Deposit Pricing Basics Part 1: The Concepts
The art and science of optimized deposit gathering is a declining skill set among bankers. Banking schools don’t teach it, conferences don’t showcase it, and internal bank educators no longer train in the discipline. It is ironic as no other banking endeavor can build long-term franchise value like deposit gathering. Further, deposit gathering and its associated pricing strategy are among the most arduous efforts to understand compared to other industries. In this set of articles, we will cover the basics and the advanced practice of deposit pricing and gathering. We will start with the basics and then look at modern techniques around hyper-personalization leveraging both artificial intelligence and machine learning.
The Challenge with Deposit Pricing
Unlike selling widgets, deposit pricing has dimensions of time and volume. Sell a deposit account once, and customers can add or subtract volume over time. A deposit account can start as profitable and quickly turn unprofitable as a bank trains the customer to be more interest rate sensitive. Few other product sales efforts have these dynamics.
Unfortunately, when faced with raising deposits, most banks use the least profitable tactic – offering a higher rate deposit to non-interest rate-sensitive customers. A deposit promotion based on the rate is often the go-to solution to raise liquidity. Raising deposits with rate can have disastrous effects as it cannibalizes other depositors while training customers and staff that marketing on rate is acceptable. Instead of adding deposit value, bank franchise value is often subtracted both short and long-term.
Promoting a deposit campaign based on rate to non-sensitive customers is often followed by the second least profitable tactic – selling a high-rate deposit to rate-sensitive customers. Banking history is littered with examples where high market rates were used to gather rate-sensitive customers, and volume increased. Management teams high-fived themselves over their success, not knowing that their strategy sowed the seeds of their destruction. Rate-sensitive customers are a hard to retrain cohort, and many a bank has spent resources to acquire the customer, paying them a high rate to the point of unprofitability only to see them walk out the door to a higher-rate paying institution when their current bank attempts to lower the rate and retrain.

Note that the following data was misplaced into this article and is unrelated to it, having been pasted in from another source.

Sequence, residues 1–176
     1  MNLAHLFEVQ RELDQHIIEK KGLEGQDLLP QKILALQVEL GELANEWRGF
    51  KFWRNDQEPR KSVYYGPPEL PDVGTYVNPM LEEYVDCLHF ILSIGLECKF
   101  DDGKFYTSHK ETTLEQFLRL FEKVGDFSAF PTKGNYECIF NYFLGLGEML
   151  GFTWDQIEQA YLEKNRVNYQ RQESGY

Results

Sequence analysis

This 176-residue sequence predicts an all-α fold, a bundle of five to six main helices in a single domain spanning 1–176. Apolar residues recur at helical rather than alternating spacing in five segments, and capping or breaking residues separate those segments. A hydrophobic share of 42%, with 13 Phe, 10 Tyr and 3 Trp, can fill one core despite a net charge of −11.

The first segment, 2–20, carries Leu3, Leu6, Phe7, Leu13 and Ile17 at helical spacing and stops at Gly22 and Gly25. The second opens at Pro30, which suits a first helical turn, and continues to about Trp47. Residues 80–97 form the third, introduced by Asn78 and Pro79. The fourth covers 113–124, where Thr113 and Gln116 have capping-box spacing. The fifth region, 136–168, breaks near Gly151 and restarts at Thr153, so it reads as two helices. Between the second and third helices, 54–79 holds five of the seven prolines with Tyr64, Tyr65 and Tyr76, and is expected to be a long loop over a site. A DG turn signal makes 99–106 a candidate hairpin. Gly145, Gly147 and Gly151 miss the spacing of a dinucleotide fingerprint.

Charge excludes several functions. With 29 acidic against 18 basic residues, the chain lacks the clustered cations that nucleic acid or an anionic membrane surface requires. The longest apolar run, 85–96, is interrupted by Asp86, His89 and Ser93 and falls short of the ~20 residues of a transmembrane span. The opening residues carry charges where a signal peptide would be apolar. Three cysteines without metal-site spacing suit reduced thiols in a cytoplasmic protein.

As we will delve into in future articles, every product, customer, and channel has some inherent rate sensitivity. The goal of bank management for all products is to limit resource sensitivity so that the bank can spend the least on rate, marketing, sales, branches, and other inputs while still providing the desired customer and employee experience.
Understanding the Multiple Dimensions of Deposit Gathering
Optimizing the gathering of deposits is about having the right strategy, using the right tactic in the right channel for the right product at the right time for the right customer, and being serviced by the right employee support. While there are many things to get right, few banks take the first step to even try to understand the interplay of price, interest rate sensitivities, and non-rate sensitivities on behavior psychology which impacts volume and, therefore, value.
The Four Key Concepts of Deposit Performance
Before you can understand deposit pricing, you must understand four key concepts that we will build on for this series.